“We have to take aggressive action and we have to focus on the buildings that are the largest polluters,” explains Gina Bocra, AIA, LEED Fellow, Department of Building’s Chief Sustainability Officer, New York.

The legislation is also unique in that it addresses carbon reduction, as opposed to energy efficiency. Whereas architects are used to measuring their sustainable designs by energy use, they will need to broaden their perspective to account for the source of this energy.

“Energy sources have varying carbon intensities depending on grid region and fuel source,” explains Michael Woods, senior project manager, Perkins and Will, New York. “Carbon, on the other hand, is a measure that casts a wider net over the thermodynamic processes at play and also speaks to the way cities everywhere will be measuring the impact of buildings within the broader context of climate action plans.”

Erik Olsen, managing partner, Transsolar KlimaEngineering, New York, further qualifies the significance of this climate legislation by the fact that it impacts the largest city in the United States, targets existing buildings, and is outcome-based.

Putting things in perspective, the legislation completely changes the cost-benefit analysis for envelope retrofits for existing buildings. Whereas previously, it was hard to justify costly envelope retrofits based on energy savings alone, now, with fines factored in, it is much easier to make the case for investing in the building facade.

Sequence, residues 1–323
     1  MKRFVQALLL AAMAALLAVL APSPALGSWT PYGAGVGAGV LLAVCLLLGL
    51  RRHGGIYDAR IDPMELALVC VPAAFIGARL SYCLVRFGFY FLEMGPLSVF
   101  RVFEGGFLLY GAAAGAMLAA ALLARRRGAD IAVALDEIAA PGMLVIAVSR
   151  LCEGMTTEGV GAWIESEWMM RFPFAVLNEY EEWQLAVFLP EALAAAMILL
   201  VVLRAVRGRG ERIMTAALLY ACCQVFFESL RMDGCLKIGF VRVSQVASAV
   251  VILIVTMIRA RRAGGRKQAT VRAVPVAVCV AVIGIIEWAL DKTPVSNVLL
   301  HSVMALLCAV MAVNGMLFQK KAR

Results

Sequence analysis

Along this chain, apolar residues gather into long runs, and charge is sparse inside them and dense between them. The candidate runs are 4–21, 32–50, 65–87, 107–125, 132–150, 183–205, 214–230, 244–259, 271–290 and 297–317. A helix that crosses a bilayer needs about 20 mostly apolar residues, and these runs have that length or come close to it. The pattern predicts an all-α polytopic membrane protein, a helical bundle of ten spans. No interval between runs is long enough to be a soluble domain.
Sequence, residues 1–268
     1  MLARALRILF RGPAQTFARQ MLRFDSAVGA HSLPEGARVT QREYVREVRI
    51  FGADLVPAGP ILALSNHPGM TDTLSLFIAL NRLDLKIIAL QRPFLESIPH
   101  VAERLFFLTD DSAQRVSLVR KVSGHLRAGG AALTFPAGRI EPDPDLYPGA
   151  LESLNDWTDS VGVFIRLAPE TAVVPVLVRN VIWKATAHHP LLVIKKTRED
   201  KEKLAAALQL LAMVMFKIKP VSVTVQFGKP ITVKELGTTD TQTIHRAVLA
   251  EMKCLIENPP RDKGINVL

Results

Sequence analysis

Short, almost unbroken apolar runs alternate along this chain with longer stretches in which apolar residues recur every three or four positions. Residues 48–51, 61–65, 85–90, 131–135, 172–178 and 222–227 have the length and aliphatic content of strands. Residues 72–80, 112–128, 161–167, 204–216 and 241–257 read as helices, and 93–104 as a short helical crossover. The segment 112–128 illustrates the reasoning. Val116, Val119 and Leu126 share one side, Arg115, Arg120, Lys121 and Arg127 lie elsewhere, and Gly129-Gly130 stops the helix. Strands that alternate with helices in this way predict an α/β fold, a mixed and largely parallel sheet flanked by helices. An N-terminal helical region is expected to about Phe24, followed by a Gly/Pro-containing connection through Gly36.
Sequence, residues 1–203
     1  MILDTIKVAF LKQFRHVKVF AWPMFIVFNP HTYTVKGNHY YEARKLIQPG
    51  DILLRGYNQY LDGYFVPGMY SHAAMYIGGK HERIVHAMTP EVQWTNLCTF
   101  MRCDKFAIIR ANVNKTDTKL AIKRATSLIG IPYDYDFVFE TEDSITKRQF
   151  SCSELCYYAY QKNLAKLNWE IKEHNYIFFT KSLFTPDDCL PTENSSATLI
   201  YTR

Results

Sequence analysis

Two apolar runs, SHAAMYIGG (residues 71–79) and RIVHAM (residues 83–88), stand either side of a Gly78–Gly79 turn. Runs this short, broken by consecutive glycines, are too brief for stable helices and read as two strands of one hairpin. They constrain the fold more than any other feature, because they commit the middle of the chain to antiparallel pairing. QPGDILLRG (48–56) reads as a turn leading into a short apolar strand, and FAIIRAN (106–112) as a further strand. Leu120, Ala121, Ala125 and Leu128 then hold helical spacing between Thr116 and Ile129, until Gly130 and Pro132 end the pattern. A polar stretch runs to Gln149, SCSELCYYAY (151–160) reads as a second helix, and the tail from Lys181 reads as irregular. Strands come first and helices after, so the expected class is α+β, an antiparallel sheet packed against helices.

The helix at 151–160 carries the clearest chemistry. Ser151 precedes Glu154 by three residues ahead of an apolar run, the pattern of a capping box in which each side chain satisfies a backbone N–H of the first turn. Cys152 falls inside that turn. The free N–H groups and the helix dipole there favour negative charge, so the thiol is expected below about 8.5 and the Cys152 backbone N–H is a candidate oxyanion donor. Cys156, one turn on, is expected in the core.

To better understand the difference between an outcome-based code and traditional codes that are linked to a simulated energy modeling comparison to a baseline building, Olsen explains that the former approach is not well correlated to actual building performance as a lot can happen between design simulation and actual operational performance. This can be caused by a number of factors, including:

  • Not accounting for all energy losses in the building such as thermal bridging
  • Inaccurate assumptions/inputs
  • Simulation tools not calibrated to real building performance
  • Value engineering
  • Poor installation
  • Building operation modeling does not take into account variables like human behavior and building operator training.

“So, with our typical simulation-based code compliance system (IECC/ASHRAE 90.1 etc.), we do not know, nor have to justify to a code official, that what we built performs how we expected it to perform,” he explains.

On the contrary, with LL97’s ongoing regulation of carbon emissions, the design team’s scope extends beyond the certificate of occupancy to building operation and training occupants.

“This means that design teams are forced to deal with issues like thermal bridging, which are not adequately addressed by conventional codes or performance evaluation standards, but can cause significant energy gaps in real performance. It also means that commissioning of building envelopes will be widespread to ensure the quality of installation is achieved,” says Olson.


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Originally published in Architectural Record
Originally published in November 2020